This letter was written by Betsy Huntington (Turner) Perkins, the second wife of Rev. George Perkins (1783-1852). Rev. Perkin’s first wife was Betsy’s sister, Julia Frances Marionette Turner. Betsy and George had three children: Hanna Perkins (1820-1841), George Frederick Perkins (b. 1826), and John Perkins (1827-1846). Betsy’s parents, both mentioned in this letter, were Dr. John Turner (1744-1837) and Hannah Huntington (1765-1845) of Norwich, Connecticut. George’s parents were Dr. Elisha Perkins (1740-1799) and Sarah Douglas (1744-1795).
Betsy wrote the letter to Mrs. Zoa A. (Lawrence) White (b. 1804), wife of Ivers White (1804-1884), and to Iver’s spinster aunt, Dorinda White (1796-1837), who lived in Ashburnham, Massachusetts. Zoa was the daughter of Deacon William J. and Elizabeth (Griffin) Lawrence of Ashburnham. Ivers and Zoa had at least two children: William Frederick White (b. 1834) — mentioned in the letter; and Annie Eliza Celestia White (b. 1841).
Addressed to Miss Dorinda & Mrs. Zoa A. White, Ashburnham, Massachusetts
Jewett City, Connecticut
November 5, 
I never like to receive letterers prefaced with long apologies. Neither do I like myself when writing to a friend to commence my letters with long, tedious apologies for my negligence in not answering them sooner, but when I look back and find your last letter, my dear Miss White, dated May 14th, and yours my dear Mrs. White dated August 3d — letters which are so highly prized by me — I do feel as though some excuse was absolutely necessary. And when you hear the true cause of my silence, I believe you will be ready to acquit me.
It is true that this is the first leisure moment since I received your precious letters that i have felt sufficiently composed to sit down and address friends so dear to me as yourselves. I don’t know but I have mentioned to you before that Jewett City is a place always very much frequented with company and strangers during the summer season. There has not been a week during the whole summer but what there has been strangers in this village. It is expected here that we should visit them and be visited by them. Our people — when they are expecting their friends from a distance — call to see us on purpose to inform us that they are coming and to engage us to call and see them as soon as they arrive, and our visiting is by no means confined to this village. We are continually receiving pressing invitations from the people of Plainfield, Griswold, Lisbon, & Hanover to visit them. Plainfield is an adjoining town and you will probably recollect the native place of Mr. Perkins, and of course he has many friends there who it is very pleasant & gratifying to him to visit. But the visiting part of our duty among this people (if it can be called a duty), is to Mr. Perkins & myself by no means the pleasantest part — particularly ceremonial visits. They have become quite tedious to us. It is very pleasant to us to call frequently on the people of our parish, as we often do. We are so compact that we can make a great number of calls in an afternoon. There is not one of our parishioners so distant but what we walk to visit them.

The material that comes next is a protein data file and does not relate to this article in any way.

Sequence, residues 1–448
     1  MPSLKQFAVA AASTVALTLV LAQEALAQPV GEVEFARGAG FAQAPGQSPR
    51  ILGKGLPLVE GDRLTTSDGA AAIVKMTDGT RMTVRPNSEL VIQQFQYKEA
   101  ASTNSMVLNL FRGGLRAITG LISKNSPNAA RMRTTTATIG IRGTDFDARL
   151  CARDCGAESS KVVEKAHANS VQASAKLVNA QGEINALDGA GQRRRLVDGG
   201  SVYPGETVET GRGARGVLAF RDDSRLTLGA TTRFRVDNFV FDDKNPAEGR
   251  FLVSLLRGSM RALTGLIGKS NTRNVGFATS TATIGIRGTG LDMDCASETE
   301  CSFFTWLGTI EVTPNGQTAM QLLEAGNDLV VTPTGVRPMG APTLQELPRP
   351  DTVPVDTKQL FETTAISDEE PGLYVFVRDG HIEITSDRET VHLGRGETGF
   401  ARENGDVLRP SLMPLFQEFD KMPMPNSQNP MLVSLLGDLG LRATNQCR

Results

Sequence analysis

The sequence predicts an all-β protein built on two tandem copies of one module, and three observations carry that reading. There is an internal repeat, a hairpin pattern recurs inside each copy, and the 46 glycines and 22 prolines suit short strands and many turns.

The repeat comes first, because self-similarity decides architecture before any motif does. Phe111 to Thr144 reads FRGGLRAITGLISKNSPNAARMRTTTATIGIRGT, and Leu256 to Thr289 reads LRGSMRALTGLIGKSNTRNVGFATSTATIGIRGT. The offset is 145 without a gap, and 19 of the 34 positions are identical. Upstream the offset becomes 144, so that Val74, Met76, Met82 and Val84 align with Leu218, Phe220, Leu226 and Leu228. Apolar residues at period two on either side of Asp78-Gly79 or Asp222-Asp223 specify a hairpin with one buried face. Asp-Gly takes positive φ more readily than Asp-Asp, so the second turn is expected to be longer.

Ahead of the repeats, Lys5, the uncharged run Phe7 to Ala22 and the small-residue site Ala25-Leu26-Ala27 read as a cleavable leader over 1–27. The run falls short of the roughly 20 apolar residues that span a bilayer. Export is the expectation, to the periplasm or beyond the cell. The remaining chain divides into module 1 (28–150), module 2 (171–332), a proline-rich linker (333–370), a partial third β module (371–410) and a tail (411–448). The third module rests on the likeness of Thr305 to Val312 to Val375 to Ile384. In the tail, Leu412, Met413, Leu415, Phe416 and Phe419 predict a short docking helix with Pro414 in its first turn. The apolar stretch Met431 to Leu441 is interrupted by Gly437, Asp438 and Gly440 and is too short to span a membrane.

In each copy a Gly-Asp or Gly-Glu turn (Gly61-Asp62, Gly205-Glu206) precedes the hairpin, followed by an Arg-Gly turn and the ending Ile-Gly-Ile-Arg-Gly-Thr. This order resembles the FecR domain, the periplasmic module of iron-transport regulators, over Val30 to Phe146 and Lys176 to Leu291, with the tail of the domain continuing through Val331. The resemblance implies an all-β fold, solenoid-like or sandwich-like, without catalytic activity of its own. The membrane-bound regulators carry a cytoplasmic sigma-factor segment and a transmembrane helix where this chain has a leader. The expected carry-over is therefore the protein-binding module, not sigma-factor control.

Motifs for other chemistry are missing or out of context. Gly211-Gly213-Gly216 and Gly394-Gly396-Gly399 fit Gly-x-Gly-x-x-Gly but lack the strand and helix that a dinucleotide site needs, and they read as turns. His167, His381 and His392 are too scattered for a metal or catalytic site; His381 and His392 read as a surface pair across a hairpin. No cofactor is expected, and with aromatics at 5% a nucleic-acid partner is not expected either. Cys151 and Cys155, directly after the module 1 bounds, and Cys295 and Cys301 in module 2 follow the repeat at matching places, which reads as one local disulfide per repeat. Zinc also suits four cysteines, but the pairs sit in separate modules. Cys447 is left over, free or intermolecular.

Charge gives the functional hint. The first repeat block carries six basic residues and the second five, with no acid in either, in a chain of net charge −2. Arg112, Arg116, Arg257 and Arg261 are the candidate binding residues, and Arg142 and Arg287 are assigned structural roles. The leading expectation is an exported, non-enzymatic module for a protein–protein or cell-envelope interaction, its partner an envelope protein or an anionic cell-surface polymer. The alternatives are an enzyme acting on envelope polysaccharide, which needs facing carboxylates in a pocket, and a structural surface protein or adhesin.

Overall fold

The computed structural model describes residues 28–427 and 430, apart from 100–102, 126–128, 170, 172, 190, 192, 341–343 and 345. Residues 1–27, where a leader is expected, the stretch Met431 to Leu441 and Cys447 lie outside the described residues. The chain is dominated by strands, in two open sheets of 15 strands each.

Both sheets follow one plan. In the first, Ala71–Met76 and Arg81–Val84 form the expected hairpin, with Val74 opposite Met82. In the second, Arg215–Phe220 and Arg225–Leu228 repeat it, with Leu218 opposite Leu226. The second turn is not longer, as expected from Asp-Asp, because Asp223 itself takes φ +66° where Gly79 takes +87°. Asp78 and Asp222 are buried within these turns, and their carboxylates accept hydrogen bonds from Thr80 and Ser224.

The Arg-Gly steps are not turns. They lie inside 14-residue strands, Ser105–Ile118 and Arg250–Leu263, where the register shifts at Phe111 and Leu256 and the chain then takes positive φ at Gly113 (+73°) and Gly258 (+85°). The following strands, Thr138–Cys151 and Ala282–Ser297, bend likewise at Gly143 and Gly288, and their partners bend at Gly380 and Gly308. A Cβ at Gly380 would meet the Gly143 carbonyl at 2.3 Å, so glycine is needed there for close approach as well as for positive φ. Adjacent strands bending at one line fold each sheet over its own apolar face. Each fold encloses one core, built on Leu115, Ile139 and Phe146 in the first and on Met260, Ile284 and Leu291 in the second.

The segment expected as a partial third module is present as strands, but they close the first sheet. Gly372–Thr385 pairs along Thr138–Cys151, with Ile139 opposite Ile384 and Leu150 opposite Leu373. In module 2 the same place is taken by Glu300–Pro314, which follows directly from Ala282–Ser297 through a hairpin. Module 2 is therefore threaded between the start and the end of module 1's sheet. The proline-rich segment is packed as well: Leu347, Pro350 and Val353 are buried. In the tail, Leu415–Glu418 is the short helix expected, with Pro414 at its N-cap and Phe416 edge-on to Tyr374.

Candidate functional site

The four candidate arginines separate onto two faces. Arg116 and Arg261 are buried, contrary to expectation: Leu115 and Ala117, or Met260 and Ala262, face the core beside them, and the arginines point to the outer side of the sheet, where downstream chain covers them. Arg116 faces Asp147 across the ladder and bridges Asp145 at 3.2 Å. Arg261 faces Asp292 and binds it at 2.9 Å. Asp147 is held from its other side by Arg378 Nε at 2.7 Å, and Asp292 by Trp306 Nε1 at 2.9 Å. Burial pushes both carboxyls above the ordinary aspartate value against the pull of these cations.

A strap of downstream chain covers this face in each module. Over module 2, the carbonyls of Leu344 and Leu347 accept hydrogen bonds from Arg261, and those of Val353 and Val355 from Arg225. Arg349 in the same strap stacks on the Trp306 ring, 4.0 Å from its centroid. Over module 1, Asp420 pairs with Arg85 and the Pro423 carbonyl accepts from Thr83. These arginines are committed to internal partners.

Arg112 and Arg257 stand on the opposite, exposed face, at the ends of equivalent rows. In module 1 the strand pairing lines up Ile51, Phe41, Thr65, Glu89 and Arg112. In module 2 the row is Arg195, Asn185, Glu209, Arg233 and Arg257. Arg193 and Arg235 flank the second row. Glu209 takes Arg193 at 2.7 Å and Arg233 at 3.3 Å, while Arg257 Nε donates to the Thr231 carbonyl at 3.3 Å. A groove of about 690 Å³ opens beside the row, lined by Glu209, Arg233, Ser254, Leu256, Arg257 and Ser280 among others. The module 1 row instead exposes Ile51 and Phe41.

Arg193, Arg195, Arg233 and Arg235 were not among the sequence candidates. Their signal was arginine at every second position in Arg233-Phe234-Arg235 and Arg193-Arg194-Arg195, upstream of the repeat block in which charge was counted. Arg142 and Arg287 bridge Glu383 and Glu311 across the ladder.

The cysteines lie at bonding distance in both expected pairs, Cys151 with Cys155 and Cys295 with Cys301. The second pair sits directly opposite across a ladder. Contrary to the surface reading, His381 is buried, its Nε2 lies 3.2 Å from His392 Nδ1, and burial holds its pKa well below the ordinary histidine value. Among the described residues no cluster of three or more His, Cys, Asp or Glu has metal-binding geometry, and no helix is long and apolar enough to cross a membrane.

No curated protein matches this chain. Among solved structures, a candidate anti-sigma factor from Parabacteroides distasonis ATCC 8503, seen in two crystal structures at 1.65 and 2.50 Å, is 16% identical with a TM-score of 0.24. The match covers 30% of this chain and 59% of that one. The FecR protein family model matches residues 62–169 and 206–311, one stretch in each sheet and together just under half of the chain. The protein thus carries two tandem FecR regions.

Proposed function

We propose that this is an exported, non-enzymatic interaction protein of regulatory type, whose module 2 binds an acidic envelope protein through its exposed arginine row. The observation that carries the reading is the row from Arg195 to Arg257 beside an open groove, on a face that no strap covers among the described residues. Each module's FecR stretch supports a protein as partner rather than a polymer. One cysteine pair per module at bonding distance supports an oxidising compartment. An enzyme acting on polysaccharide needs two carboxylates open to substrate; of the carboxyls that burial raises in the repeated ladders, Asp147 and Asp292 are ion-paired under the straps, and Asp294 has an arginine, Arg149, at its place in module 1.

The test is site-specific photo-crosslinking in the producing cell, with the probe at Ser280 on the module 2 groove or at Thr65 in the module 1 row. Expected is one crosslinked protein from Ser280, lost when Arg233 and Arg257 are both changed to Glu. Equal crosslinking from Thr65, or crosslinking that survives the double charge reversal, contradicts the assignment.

Last week we had a large meeting in the village of ministers. The ______tion & Association, which consists of thirty ministers & delegates, which took up my time very much for one week — particularly so as I was disappointed in the help I had engaged for that occasion. And all summer I have had no help except a black woman occasionally as I could get her. The girl who has lived with me the most of the time since I came to Connecticut left me last spring & went into a factory, & I have now no help except a little girl of ten years old, which I have recently taken.